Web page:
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Electronic Flora of South Australia Genus Fact Sheet

Genus ANTITHAMNIONELLA Lyle 1922: 347

Phylum Rhodophyta – Order Ceramiales – Family Ceramiaceae – Tribe Heterothamnieae

Thallus usually with prostrate axes attached by haptera, and erect lateral axes with long (sometimes short) series of small subapical cells and whorls of 2–4 (–6) simple or branched whorl-branchlets from each axial cell, often more branched near thallus base, with the basal cells usually not branched (except in Aa glandifera) and smaller or similar in size to the next outer cell; gland cells usually present, sessile, usually single on second to fifth cell of whorl-branchlets, numerous in some species, touching only the bearing cell or sometimes also the next outer cell. Lateral branches produced in place of a whorl-branchlet or developing on the basal cell of a whorl-branchlet. Cells uninucleate.

Reproduction: Gametophytes dioecious or monoecious. Procarps 1–3 near branch apices, borne on normal or reduced whorl-branchlets with the basal cell acting as the supporting cell of a 4-celled carpogonial branch and usually bearing only one further cell; the fertile axial cell usually lacks other whorl-branchlets. Carposporophyte usually terminal, with axial growth continued by laterals from below, and surrounded by lateral branches or whorl-branchlets from below. Spermatangia cut off from initials formed laterally on short axes borne adaxially on rachis cells of whorl-branchlets.

Tetrasporangia sessile on lower cells of whorl-branchlets, subspherical to ovoid, tetrahedrally or subdecussately divided.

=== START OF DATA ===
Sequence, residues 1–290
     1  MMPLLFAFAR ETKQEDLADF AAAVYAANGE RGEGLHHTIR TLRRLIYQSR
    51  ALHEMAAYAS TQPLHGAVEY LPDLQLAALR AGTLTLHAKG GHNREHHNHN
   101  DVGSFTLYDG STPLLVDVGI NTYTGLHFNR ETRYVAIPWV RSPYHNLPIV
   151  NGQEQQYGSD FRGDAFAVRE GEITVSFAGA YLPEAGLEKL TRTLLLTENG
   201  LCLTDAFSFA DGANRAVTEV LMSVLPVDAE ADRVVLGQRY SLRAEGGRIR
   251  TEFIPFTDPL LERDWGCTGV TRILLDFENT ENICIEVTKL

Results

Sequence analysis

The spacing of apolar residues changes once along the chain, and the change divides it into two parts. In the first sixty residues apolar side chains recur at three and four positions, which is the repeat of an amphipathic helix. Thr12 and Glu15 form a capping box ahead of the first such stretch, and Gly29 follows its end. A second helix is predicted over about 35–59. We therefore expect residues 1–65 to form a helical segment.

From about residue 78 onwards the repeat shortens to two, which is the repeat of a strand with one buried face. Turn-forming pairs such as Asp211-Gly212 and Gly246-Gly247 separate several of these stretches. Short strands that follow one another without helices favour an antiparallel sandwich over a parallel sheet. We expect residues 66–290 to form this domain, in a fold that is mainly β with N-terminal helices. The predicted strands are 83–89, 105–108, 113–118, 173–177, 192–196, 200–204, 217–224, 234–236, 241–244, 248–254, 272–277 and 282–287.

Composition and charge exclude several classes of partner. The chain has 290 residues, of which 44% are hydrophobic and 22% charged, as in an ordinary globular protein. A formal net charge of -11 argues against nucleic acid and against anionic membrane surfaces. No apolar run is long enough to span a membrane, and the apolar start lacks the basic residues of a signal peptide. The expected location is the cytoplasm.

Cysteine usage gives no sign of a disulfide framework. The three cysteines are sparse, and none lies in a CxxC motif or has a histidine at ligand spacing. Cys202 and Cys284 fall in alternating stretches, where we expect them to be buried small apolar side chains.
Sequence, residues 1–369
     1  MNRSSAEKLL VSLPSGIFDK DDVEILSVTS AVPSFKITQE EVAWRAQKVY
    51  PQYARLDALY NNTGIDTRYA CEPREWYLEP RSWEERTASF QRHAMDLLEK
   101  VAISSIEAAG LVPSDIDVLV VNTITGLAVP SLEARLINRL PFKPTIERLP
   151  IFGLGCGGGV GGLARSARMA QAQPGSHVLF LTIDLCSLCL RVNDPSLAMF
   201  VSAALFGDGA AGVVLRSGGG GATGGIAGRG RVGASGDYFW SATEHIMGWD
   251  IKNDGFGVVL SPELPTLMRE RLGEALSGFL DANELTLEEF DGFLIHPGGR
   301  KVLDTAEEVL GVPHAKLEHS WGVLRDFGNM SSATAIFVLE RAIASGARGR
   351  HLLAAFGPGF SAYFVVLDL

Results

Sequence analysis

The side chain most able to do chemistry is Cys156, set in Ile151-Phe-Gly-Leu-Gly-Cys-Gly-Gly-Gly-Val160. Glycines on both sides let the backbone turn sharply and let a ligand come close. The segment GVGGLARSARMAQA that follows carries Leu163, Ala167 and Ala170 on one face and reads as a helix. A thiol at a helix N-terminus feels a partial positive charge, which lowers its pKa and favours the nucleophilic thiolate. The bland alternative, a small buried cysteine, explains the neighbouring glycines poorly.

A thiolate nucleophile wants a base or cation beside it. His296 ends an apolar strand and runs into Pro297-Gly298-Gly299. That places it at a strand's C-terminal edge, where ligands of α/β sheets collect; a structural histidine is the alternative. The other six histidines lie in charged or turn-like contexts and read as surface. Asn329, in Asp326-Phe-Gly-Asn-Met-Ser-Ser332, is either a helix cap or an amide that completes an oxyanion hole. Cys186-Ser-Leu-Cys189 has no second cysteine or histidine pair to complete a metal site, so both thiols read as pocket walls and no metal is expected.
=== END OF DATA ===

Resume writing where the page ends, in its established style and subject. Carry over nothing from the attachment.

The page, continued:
Type species: A. sarniensis Lyle 1922: 348, figs 1–4.

Taxonomic notes: Wollaston (1968, p. 339) recognised Antithamnionella as a distinct genus on vegetative features (such as inconsistency in number and branching of whorl-branchlets, and position of gland-cells on normal whorl-branchlets) as well as tetrahedrally divided tetrasporangia. Athanasiadis (1996, p. 101) also recognised it as a distinct genus and suggests it contains some 19 species. However, he considered the genus is not monophyletic and found no characters that could be considered distinctive for the genus. Clearly Antithamnionella is one of the least well defined genera of the tribe and much further study is needed.


ATHANASIADIS, A. (1996). Morphology and classification of the Ceramioideae (Rhodophyta) based on phylogenetic principles. Opera Botanica No. 128, pp. 1–216.

LYLE, L. (1922). Antithamnionella, a new genus of algae. J. Bot. Lond. 60, 346–350.

WOLLASTON, E.M. (1968).Morphology and taxonomy of southern Australian genera of Crouanieae Schmitz (Ceramiaceae, Rhodophyta). Aust. J. Bot. 16, 217–417.

The Marine Benthic Flora of Southern Australia Part IIIC complete list of references.

Author: H.B.S. Womersley & E.M. Wollaston

Publication: Womersley, H.B.S. (24 December, 1998)
The Marine Benthic Flora of Southern Australia
Rhodophyta. Part IIIC. Ceramiales – Ceramiaceae, Dasyaceae
©State Herbarium of South Australia, Government of South Australia


1. Whorl-branchlets in close whorls of 5–6

Aa multiramosa

1. Whorl-branchlets in separated whorls of 2–4 (–5)


2. Whorl-branchlets in whorls of (2–) 3–4, with their basal cells distinctly shorter than the next cell(s). Carposporophyte producing up to 7 ovoid to elongate groups of carposporangia

Aa ternifolia

2. Whorl-branchlets in whorls of 1–2 (–3), basal cells as long as the next cell. Carposporophyte seldom producing more than 3 rounded groups of carposporangia


3. All whorl-branchlets usually unbranched; gland cells sessile on upper side of 2nd or 3rd cell of whorl-branchlet, more abundant in upper parts of plant

Aa spirographidis

3. Whorl-branchlets becoming branched with (2–) 3–5 alternate laterals; gland cells numerous (up to 20) on whorl-branchlets, most abundant in lower parts of plants

Aa glandifera

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